Benjamin has a friend who taught their dog to ring a bellhop bell that sits by the door when the dog needs to go to the bathroom. He was so impressed by this that B wanted to try it with Riley. Ever since we got Riley, when we take him outside to use the bathroom we take his paw and ring the bell once or twice before we head out. After three weeks he still hasn’t quite gotten the hang of it, but he’s no longer afraid of the bell at least so I think we’re making progress.
Last night B and I were sitting at the bar working over move logistics when we hear a bell ring. We look at each other in confusion followed quickly by astonishment. Yes, Riley rang the bell all on his own. We quickly took him outside and he did indeed use the bathroom. The praise was quite effusive.
I expect he’ll get it down completely just before we move to Seattle only to confuse him with the new apartment layout.
I’m about 2 weeks later than usual for the fill-up this month, but that makes sense given that I was out of town for 2 weeks in RTP for work.
Benjamin and I now have a place to live in Seattle. We rented a unit at the Axis Apartments at 123 2nd Ave North, just 4 blocks from my new office and one block from the Space Needle. We’re just blocks from the core of downtown and the downtown hotels where we’re hoping B gets a job. It’s a work/live loft configuration with two entrances, one from the street and one from the inside of the access-controlled building, In many ways it reminds us of the loft we had in downtown Denver — except instead of being 100 years old, the building is only 2 years old.
It’s going to be another drastic change from a 2 bedroom house with basement back down to a 934 sq ft apartment, but we’ve done it before. And once again we’re mostly starting fresh with furniture. We won’t have a spare bedroom but folks are welcome to come visit if you don’t mind an air mattress!
Pictures after the cut.
On Saturday while I was still in Raleigh, Benjamin went and picked up the newest member of our household, Riley:
Riley is a 10-week old black miniature schnauzer we purchased from a breeder in Brush, CO. So far he has a very low-key personality, doesn’t bark unless he needs attention (food, potty, etc), and is already the apple of Benjamin’s eye.
Yesterday I received my new 15″ MacBook Pro from FedEx and I’m sure I’ll be spending the next several evenings getting it all set up. I’ve christened it Seregil from the character of Lynn Flewelling’s Nightrunner series. (I always name my computers from characters in books — usually those I’m reading or have read recently.) It is spec’d out thusly:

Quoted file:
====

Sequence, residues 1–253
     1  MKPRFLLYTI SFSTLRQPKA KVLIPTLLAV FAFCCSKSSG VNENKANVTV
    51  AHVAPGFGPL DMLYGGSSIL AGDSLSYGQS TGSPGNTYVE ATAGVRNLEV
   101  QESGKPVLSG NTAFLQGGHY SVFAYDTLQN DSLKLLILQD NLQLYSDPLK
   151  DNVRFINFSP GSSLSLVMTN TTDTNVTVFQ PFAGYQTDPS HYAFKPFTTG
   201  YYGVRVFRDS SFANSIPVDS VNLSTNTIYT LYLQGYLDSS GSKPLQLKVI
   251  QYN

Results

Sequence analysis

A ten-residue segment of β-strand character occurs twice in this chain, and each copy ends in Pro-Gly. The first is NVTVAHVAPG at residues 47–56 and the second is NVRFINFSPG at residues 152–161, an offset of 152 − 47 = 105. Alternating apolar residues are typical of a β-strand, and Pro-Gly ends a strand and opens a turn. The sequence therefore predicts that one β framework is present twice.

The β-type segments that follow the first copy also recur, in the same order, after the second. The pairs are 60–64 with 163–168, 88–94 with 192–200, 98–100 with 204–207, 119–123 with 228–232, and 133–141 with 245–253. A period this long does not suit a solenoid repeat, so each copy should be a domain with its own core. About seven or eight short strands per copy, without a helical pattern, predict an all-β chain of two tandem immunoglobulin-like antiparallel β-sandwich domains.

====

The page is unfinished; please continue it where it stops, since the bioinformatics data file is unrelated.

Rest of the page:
- MacBook Pro
- 15″ high-density anti-glare screen
- i5 2.4GHz CPU
- 8GB RAM
- 128GB SSD
For the past 4 years I’ve used Linux systems exclusively and when it came to purchase a new computer I decided to jump to Mac. Moving to Linux from Windows was the most productivity-enhancing change I’ve ever made and I’m hoping the swap to Mac doesn’t set me back. What appeals to me so much about Macs is that they have the classic unix underpinnings with an elegant GUI.
Currently I have a Windows VM which I use solely to put music on my iPhone. That’s going straight to /dev/null. Instead I’ll be creating a Fedora 13 (14?) VM as a backup for those things that just need a Linux touch to them. For instance, I’m going to give Apple Mail a chance, but if it just doesn’t pan out, I’ll run Evolution on the VM using VMware Fusion with Unity. I’m interested to see if The Gimp, Inkscape, and other X-Windows dependent apps behave better running in the VM rather than directly on the OS X X-server. While they function well, they just aren’t really integrated into the OS X UI.
I already have Adium, Unison, Moneydance, LibreOffice (aka: OpenOffice), and Chrome installed and configured. My iPhone library is moved over and correctly synching with my phone thanks to a bit of work getting the Library IDs sync’d between the two. Now to get VMware Fusion installed and that Linux VM created.
Today is National Coming Out Day and I thought I’d share one of my funnier coming out stories.
About 8 9 or so years ago I was in an internal tools team within Tivoli. My friend and teammate Jenny was most insistent about setting me up with her best friend Jan. She thought we would be a perfect match and kept after me to ask Jan out on a date. I always declined saying that while Jan was a wonderful woman, I just wasn’t interested in dating right now.